The insurance-linked security (ILS) and reinsurance-linked investment market increasingly shows an interest in adopting the use of crop insurance risk models, as the sector looks to find new avenues to deploy capital into for premium income return. The ILS and collateralized reinsurance market sees crop as a potential new peril.
Risk modeller AIR Worldwide has recently launched a newly updated version of its Multiple Peril Crop Insurance (MPCI) models for the U.S. and China. These are weather-based crop insurance models that estimate underwriting gains and losses based on crop yield probabilities depending on current weather conditions.
The MPCI Model has had a number of updates. The U.S. version accounts for the latest Standard Reinsurance Agreement (SRA) from the U.S. government to estimate retained losses for crop insurance firms. The model has also been enhanced to include multiple price volatility catalogs allowing for more refined reinsurance analysis given increasing uncertainty in commodity market prices. The new model also allows users to modify industry premiums by adjusting default values as the U.S. government changes premium rates of the key program crops. Finally, the historical event catalog has also been updated to incorporate data from all years from 1974 through 2011, and AIR has added new reporting tools allowing for easy manipulation and visualization of model results and output. The MPCI Model for China has been updated to include the latest policy conditions used in the market and an updated database of industry exposure.
In 2012, AIR siad that the majority of traditional crop reinsurance transactions were modelled with its U.S. MPCI Model. Crop insurance firms use the models output to assess policy risk and allocate policies to the various risk-sharing funds available in the SRA program as part of their fund designation process.
Interestingly, AIR also notes that the model is increasingly being adopted by investors in the ILS crop risk transfer markets. A number of ILS funds and collateralized reinsurance markets are now deploying capital into crop reinsurance risks. Since the recent droughts, crop risk is seen as a profitable avenue for reinsurers and being weather-linked many ILS investors see it as a peril they can understand, analyse and measure.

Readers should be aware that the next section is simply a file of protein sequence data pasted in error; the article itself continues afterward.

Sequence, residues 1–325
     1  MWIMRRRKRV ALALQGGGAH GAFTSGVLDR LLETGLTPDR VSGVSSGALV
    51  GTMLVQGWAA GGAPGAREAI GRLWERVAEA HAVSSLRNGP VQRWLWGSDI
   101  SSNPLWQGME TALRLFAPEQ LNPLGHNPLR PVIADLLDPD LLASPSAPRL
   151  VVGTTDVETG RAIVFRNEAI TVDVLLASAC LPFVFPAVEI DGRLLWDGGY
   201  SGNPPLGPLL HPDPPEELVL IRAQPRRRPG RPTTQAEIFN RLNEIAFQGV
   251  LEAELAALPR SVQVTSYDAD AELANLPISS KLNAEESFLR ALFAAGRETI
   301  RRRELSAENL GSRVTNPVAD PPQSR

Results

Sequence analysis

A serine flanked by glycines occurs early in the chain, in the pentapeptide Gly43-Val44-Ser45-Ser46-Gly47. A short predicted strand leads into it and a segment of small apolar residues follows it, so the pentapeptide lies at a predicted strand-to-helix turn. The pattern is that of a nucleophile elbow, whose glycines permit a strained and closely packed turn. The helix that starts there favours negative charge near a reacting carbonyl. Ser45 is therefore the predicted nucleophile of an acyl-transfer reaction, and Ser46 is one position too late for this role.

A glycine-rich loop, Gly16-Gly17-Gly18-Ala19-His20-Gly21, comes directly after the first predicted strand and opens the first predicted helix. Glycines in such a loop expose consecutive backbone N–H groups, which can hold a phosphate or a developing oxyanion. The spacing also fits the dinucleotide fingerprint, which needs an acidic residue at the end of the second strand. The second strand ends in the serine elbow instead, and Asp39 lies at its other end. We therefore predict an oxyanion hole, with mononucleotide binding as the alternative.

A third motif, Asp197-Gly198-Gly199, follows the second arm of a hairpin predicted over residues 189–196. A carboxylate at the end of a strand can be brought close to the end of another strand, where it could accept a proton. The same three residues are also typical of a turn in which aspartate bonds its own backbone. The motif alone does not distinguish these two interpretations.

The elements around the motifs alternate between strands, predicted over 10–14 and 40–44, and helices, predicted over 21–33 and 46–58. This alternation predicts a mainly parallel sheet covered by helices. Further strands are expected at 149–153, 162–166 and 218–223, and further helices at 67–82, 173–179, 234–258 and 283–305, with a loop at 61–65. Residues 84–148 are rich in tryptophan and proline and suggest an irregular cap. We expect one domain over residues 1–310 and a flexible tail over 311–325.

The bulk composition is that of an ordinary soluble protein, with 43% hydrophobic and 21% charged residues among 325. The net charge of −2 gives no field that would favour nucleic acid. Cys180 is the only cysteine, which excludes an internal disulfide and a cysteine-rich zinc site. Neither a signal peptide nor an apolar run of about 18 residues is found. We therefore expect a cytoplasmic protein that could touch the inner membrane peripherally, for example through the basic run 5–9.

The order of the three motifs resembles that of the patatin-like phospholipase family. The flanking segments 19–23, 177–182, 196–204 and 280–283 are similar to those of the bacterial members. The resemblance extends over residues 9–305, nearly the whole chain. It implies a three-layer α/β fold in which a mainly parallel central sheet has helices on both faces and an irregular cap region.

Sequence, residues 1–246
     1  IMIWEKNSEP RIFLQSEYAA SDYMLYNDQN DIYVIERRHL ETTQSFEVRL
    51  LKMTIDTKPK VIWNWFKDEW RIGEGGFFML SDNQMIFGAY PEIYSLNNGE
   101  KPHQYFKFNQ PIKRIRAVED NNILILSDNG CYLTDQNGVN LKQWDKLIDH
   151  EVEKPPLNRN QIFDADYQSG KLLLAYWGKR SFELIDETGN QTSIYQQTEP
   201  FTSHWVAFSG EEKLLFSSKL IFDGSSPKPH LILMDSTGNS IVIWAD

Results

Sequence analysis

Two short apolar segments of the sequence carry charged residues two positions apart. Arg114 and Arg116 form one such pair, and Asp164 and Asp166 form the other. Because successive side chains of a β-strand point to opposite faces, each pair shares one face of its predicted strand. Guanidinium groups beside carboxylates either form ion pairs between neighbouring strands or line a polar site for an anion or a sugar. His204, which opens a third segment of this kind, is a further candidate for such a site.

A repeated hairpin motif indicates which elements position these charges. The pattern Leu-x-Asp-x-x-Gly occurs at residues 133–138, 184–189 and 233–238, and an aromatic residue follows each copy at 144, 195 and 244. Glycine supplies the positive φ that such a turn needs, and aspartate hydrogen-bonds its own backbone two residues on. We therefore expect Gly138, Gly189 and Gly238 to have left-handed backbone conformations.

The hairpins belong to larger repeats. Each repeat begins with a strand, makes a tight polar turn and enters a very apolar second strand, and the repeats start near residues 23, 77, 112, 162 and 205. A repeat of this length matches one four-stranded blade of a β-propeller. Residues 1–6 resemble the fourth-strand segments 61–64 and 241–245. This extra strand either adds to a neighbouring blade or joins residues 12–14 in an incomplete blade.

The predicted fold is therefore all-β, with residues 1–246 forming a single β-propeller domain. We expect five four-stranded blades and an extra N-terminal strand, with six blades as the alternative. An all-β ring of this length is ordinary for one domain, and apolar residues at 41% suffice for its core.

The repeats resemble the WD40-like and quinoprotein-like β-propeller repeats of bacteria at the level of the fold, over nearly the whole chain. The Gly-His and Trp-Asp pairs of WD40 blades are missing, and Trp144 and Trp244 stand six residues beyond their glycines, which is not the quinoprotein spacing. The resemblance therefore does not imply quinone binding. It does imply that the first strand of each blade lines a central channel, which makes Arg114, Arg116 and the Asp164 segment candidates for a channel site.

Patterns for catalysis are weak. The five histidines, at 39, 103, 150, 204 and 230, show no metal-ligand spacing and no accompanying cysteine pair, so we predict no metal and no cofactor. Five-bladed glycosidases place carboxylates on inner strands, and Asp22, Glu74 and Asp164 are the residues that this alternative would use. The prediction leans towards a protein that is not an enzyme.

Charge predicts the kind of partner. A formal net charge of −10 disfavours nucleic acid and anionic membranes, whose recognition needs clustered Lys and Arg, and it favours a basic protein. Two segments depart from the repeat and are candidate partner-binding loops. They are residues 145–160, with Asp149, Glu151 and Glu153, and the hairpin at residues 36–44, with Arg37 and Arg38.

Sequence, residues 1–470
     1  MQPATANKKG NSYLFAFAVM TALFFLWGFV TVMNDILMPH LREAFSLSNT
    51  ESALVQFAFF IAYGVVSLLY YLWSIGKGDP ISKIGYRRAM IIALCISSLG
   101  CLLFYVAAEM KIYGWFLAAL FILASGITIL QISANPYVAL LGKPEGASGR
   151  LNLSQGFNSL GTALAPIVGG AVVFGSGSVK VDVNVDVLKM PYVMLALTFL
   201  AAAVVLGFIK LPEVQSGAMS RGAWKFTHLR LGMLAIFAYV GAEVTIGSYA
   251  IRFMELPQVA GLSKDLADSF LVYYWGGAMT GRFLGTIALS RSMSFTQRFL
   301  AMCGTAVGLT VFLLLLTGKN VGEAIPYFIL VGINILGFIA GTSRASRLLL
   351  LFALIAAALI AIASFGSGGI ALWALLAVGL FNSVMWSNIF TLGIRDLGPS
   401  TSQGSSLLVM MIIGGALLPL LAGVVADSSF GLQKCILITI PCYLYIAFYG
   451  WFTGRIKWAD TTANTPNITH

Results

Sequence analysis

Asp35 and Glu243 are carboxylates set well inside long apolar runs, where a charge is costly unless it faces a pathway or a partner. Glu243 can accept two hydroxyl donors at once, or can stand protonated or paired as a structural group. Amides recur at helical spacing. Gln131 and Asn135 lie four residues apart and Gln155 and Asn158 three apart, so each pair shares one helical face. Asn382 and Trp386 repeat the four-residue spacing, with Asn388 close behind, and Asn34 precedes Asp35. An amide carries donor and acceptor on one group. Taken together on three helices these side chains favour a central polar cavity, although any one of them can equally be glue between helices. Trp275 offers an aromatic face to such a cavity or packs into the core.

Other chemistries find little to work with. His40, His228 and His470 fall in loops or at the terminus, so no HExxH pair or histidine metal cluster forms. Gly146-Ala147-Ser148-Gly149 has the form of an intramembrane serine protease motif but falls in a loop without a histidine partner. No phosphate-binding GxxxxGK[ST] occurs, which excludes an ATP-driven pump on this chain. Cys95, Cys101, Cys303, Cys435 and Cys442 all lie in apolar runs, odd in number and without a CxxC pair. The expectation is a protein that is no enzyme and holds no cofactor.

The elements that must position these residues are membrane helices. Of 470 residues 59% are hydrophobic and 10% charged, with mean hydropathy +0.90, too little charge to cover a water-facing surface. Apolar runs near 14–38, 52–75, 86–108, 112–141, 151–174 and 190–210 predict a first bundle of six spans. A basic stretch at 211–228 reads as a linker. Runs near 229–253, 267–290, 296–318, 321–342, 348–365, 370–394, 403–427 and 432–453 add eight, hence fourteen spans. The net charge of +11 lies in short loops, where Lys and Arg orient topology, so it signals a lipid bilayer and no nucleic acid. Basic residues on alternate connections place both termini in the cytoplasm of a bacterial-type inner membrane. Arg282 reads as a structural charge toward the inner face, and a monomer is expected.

We spoke with Oscar Vergara, business development manager at catastrophe modeling firm AIR Worldwide, who explained; “Aside from traditional reinsurance deals in the crop insurance market, there is a growing interest from the investment community for using the AIR Cop Model for alternative risk transfer.”
There is also increasing interest from some traditional reinsurers as well, Vergara expained; “Also, crop insurance is a good risk diversification vehicle for reinsurers that carry significant property risk from hurricanes. A good example of this was Hurricane Isaac in August 2012. It severely damaged property along the Gulf, but the inland precipitation basically ended the worst U.S. drought in the Corn Belt since 1988. By August the corn crop was severely damaged but the soybean crop was saved from the drought. As a result, the net loss ratio for crops in 2012 was 115%, which could have been much worse if not for the precipitation from Isaac.”
That also explains some of the interest from the ILS market, in using crop risk as a diversifying peril within their portfolios for investors. A number of ILS, collateralized and also retrocessional reinsurance players also see crop underwriting as a specialty they can offer to differentiate their reinsurance-linked investment proposition.
In time, it is likely we will see crop reinsurance become a bigger piece of the reinsurance-linked investment market, although perhaps not catastrophe bonds for the moment, although parametric and weather-indices could potentially facilitate this type of capital market risk transfer in future as the ILS market matures.
Not forgetting that the MPCI model is widely used across traditional insurance and reinsurance companies and will continue to be.
“The AIR crop models for the United States and China address significant weaknesses found in traditional crop models,” said Vergara. “To provide the most accurate probabilistic estimate of potential crop portfolio losses, they account for the effects of weather, technology improvements over time, changes in policy types and their market penetration, and changes in government protection agreements.”